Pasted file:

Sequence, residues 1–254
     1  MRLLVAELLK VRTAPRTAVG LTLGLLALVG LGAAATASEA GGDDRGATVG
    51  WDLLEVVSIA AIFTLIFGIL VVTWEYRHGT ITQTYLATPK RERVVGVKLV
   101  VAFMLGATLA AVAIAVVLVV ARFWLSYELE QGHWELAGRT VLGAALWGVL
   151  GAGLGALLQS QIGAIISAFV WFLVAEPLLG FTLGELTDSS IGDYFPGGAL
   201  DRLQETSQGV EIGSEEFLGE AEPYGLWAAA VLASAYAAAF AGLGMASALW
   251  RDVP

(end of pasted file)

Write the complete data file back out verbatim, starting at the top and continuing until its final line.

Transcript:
Sequence, residues 1–254
     1  MRLLVAELLK VRTAPRTAVG LTLGLLALVG LGAAATASEA GGDDRGATVG
    51  WDLLEVVSIA AIFTLIFGIL VVTWEYRHGT ITQTYLATPK RERVVGVKLV
   101  VAFMLGATLA AVAIAVVLVV ARFWLSYELE QGHWELAGRT VLGAALWGVL
   151  GAGLGALLQS QIGAIISAFV WFLVAEPLLG FTLGELTDSS IGDYFPGGAL
   201  DRLQETSQGV EIGSEEFLGE AEPYGLWAAA VLASAYAAAF AGLGMASALW
   251  RDVP